A new study of the solar wind phenomenon starts this month with a series of rocket launches from Norway.
A team of international scientists including NASA are about to start a two-year programme known as the Grand Challenge Initative (GCI) to better under understand space weather, one of the factors behind the northern lights. The first rockets will be launched later this month.
Tracking the solar wind
The first launch, the Auroral Zone Upwelling Rocket Experiment (AZURE), will specifically study solar wind, the stream of highly-charged particles that is thrown out into space from the sun at extremely high speeds.
The rockets will release safe chemicals containing colour, allowing the research team to track the clouds of colour as they are impacted by the solar winds.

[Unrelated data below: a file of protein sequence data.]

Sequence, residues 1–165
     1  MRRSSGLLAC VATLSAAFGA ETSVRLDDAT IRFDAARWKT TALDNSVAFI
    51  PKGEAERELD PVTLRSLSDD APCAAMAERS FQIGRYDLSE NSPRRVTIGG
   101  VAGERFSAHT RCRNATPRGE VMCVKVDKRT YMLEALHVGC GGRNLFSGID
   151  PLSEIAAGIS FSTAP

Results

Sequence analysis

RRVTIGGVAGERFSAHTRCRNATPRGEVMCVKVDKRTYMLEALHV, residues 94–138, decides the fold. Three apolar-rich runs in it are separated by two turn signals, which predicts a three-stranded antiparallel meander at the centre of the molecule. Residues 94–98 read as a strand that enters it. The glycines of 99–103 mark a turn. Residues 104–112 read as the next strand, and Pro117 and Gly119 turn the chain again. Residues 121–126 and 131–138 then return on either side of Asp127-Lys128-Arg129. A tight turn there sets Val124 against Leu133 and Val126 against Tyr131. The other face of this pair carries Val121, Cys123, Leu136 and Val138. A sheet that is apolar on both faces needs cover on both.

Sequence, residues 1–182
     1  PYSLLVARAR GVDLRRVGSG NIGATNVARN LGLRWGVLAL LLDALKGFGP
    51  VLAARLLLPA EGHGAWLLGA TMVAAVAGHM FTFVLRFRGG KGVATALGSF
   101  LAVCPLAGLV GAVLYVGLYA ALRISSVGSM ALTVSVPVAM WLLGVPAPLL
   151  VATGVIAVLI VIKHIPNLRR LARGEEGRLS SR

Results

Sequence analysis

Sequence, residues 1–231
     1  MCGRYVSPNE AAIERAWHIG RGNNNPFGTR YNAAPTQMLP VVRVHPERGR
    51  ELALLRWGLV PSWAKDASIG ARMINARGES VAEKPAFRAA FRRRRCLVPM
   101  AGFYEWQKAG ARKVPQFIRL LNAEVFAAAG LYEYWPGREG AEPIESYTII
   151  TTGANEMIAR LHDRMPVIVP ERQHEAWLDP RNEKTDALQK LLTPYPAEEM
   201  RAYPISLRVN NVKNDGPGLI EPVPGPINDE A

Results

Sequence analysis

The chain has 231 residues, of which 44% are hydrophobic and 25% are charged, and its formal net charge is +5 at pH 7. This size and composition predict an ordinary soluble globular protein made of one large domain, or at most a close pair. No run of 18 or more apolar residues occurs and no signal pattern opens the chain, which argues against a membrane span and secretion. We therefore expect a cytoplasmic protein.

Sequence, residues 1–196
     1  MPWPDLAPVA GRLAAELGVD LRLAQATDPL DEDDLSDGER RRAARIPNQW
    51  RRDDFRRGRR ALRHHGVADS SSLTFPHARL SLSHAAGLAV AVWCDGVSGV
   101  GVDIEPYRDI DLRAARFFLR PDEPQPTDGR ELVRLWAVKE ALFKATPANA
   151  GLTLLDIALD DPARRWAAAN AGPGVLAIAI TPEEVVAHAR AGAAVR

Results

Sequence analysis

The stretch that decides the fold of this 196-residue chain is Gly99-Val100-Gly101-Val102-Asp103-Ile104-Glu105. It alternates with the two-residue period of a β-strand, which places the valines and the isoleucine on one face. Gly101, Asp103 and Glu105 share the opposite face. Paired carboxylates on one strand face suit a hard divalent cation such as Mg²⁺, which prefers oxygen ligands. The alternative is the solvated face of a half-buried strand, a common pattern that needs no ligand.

Although there is some interest in the science behind the northern lights, its the power outages and interference with communications satellites that solar winds can cause that has spurred the research project.
Remote launch sites
Newsweek reports that the launches will take place from remote sites at Andøya on the Vesterålen archiepelago and Svalbard, the world’s northernmost rocket launch site.
“That's crucial for studying the aurora, which tend to be trapped around the poles. In fact, the Norwegian space agency says the Svalbard launch pad is the only site on Earth where rockets can fly straight into solar wind.”
Participating universities include the University of Tokyo; University of Oslo; Arctic University of Norway, Tromso; Capitol Technology University, Laurel, Maryland; Penn State, State College, Pennsylvania; University of New Hampshire, Durham; University of Puerto Rico; Virginia Tech, Blacksburg; and West Virginia University, Morgantown.